God deserves praise. And as the only members of His creation with the capacity for speech, we are intended to use our voices to verbally acknowledge who He is and all that He has done. We are to commend, declare, speak, pour forth and sing aloud. And of all people, believers should have the most to say about God. There is something normal and natural about talking about that for which we are grateful or by which we have been amazed. When we see a beautiful sunrise, we feel the urge to tell someone. When we take a memorable vacation, we can’t help talking about it. When we are proud of our children, no one will be able to stop us from bragging about them. We tend to praise that which we appreciate. We talk about what interests us. We unashamedly testify to others about what we find meaningful in our lives. It could be a delicious meal at a local restaurant, a good book, a movie, a newly discovered musical group, a recent Facebook post, a personal achievement or any of a number of other things. But how often do we declare the greatness of God? How many times do we commend God to others? How frequently do praises concerning God come from our lips and to the ears of those we meet? Are we prone to sing God’s praises out loud and outside the context of a Sunday morning worship service?

David so eloquently wrote, “The heavens proclaim the glory of God. The skies display his craftsmanship. Day after day they continue to speak; night after night they make him known. They speak without a sound or word; their voice is never heard. Yet their message has gone throughout the earth, and their words to all the world” (Psalm 19:1-4 NLT). The heavens declare the glory of God. We can see it in a sunrise or sunset, a cloud formation, a night sky filled with stars or the gentle breeze on a warm summer night. God’s creation constantly praises Him. The angels in heaven never cease to offer Him verbal praise and adoration. But as human beings, the pinnacle of His creative energies, far too often we remain silent. Rather than commend God to others, we complain. Instead of declaring the mighty acts He has already done, we demand that He do more. We speak, but do the words that come out of our mouths concern God? Do words of praise, thanksgiving and honor for God pour forth from our lips? Do we sing aloud of His righteousness?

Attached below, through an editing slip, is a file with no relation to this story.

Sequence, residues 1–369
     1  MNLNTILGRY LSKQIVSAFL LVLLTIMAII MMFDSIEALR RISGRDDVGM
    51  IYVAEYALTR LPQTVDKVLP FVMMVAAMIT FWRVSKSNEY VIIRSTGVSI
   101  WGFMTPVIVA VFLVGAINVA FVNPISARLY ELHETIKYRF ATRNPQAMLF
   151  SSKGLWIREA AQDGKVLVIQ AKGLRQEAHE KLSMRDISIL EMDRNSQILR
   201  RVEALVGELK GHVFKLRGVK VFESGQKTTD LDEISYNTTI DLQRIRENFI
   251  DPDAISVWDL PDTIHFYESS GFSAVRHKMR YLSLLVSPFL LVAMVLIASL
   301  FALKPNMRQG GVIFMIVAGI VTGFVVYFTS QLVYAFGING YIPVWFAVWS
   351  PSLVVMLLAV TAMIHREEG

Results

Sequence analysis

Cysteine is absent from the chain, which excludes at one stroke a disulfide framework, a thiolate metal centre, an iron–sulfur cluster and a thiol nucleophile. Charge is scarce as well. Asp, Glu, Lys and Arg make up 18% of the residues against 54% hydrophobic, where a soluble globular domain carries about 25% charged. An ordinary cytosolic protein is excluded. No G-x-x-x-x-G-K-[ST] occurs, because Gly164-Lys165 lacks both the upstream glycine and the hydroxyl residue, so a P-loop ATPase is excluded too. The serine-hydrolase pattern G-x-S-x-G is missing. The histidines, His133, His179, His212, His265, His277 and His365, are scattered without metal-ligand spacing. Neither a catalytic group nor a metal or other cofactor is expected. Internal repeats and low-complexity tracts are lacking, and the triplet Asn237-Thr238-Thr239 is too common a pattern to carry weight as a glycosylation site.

Our silence condemns us. But it has even far greater implications. Our failure to speak up concerning God’s glory and greatness puts the next generation at a distinct disadvantage. They run the risk of growing up having never heard of who He is. And it is not that they are living in a verbal void. They are surrounded by voices of all kinds shouting messages of every type imaginable. Their ears are being bombarded by false messages and deceitful words that leave God out or attempt to diminish His significance. So we must speak up. We must commend, declare, speak, pour forth and sing aloud. What the next generation will know about God will only come from what we tell them about God. Paul would have us consider “And how can they believe in him if they have never heard about him? And how can they hear about him unless someone tells them?” (Romans 10:14 NLT). God deserves our praise. The next generation depends upon it.

The words of the chorus, “My Lips Will Praise You” say it all.

My lips will praise You
For You are holy
My voice will ever rise
Before Your throne
My heart will love You
For You are lovely
And You have called me
To become Your own
We have much for which to praise God. There is no reason to remain silent. Our silence indicts us. It reveals an ingratitude or at least an ignorance of His activity in our lives. And it leaves the next generation at a distinct disadvantage. So let us talk loud and often. Let us declare boldly and proudly. Our God is great and greatly to be praised.

Greatly To Be Praised.

I will extol you, my God and King, and bless your name forever and ever. Every day I will bless you and praise your name forever and ever. Great is the Lord, and greatly to be praised, and his greatness is unsearchable. – Psalm 145:1-3 ESV

Psalm 145